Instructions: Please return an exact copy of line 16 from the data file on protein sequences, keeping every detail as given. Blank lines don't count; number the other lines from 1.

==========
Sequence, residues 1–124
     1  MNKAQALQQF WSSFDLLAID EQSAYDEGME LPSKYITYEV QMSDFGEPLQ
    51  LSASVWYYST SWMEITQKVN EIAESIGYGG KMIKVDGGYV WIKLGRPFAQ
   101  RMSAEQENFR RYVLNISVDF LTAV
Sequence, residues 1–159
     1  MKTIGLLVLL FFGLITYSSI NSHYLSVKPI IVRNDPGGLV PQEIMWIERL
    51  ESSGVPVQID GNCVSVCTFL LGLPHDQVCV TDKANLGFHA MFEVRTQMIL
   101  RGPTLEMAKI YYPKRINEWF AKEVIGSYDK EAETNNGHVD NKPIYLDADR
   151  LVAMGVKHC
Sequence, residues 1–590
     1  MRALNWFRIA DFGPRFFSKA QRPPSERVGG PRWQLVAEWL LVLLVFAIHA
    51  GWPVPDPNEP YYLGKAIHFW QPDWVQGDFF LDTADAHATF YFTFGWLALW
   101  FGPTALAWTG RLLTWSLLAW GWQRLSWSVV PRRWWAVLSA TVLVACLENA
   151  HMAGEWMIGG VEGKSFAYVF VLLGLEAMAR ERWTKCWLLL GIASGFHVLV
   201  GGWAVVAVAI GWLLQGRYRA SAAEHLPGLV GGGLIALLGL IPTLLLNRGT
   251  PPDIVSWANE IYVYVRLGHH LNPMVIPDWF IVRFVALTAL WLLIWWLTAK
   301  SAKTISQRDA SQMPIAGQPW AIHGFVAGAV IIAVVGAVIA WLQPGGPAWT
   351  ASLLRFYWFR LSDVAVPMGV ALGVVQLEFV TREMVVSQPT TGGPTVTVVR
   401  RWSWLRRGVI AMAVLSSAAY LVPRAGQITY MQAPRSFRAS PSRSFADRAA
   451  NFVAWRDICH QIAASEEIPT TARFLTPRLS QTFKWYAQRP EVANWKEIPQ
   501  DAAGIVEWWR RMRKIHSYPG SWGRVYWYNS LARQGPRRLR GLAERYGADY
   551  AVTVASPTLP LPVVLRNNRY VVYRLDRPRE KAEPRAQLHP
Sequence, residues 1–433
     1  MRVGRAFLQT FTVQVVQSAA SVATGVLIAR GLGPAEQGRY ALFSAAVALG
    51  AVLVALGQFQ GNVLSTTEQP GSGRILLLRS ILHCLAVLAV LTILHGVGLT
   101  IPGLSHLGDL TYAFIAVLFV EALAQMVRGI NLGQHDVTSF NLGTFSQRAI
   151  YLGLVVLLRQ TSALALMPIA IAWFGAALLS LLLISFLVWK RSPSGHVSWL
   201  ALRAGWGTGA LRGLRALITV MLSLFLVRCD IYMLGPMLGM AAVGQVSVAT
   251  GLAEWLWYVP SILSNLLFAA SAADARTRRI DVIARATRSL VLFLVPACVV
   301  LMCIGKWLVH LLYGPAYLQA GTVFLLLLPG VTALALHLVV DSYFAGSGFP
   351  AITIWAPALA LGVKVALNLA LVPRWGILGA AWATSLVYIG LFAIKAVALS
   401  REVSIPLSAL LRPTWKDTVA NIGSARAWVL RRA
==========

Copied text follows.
   251  PPDIVSWANE IYVYVRLGHH LNPMVIPDWF IVRFVALTAL WLLIWWLTAK